posted by rcade at 7:31 PM on July 26, 2000

Dreama: Well, I definitely believe that what Napster Inc is doing is far worse than the average college kid pulling a few songs off the Net here and there. Most analysts say Napster would be a multi-billion dollar company instantaneously if it weren't for the lawsuits. A multi-billion dollar company based on nothing but MP3 trading.

As for trading itself, I am somewhat ambivalent. I don't know what other people do, but I generally grab MP3s of songs that are long out of print, only available on full albums and/or that I already bought once but lost years ago because the tapes went bad, people took the CDs, I left them in my parents' house in the basement, etc. Regarding the first two reasons, I'd be happy to pay for the individual songs if there were any way to do so, but there generally isn't. (I used to buy tons of Personics tapes back when they were around, but of course they couldn't get many record companies or the RIAA to work with them either.) Regarding the third, once I've bought it, I've bought it, and I have the right to continue to listen to it in any format I wish, today or 100 years from now.

I don't think the Betamax argument works here, though. That ruling was about the right of people to tape shows off the air that were being offered to them free of charge anyway, and then watching them when and how they wished. Sony wasn't attempting to take the TV shows of other companies, stripping out the commercials and then giving or selling the tapes to VCR users. Napster is about compiling a gigantic database of music, all of which no one person could possibly ever own even 1% of, and letting them pick at will.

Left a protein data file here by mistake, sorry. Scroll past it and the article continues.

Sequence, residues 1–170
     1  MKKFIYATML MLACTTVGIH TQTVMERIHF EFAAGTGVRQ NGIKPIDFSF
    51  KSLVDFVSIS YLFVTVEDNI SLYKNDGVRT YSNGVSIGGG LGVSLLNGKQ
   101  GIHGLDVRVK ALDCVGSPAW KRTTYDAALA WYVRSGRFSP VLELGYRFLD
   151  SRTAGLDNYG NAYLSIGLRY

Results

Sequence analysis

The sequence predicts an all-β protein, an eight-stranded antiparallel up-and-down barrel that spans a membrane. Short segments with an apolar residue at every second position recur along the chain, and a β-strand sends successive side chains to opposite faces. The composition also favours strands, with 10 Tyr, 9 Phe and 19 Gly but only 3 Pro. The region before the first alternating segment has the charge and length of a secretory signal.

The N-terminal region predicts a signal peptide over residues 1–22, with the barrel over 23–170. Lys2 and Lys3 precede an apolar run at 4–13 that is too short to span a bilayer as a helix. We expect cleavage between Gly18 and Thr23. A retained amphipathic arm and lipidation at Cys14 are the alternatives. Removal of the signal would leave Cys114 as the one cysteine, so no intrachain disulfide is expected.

posted by aaron at 7:50 PM on July 26, 2000

Chris Johnson has a good point. The problem is twofold:

1) In this specific case, well over 99% percent of Napster's database is not of music put there by artists specifically requesting it, but instead of music put out by record companies that they do not want to be there.

2) Napster argued in court that to make any attempt to separate the Chris Johnson songs of the world from the Metallica songs of the world would be of such a detriment to Napster Inc that they probably wouldn't survive. And that's pretty much a de facto admission that Napster can't survive without illegal trading. Oops.
posted by aaron at 7:56 PM on July 26, 2000

In a surprise decision Judge Patel declares stealing to be illegal!

Napster users whine and cry! "We need Napster to be happy!"

One user vows to hold his breath until the judge relents.

Distraught and hysterical users band together for large "pout ins."

One user is quoted: "I NEED Napster! Before Napster my life was just awful. Completely devoid of meaning. I can't go back to those days. I can't handle it."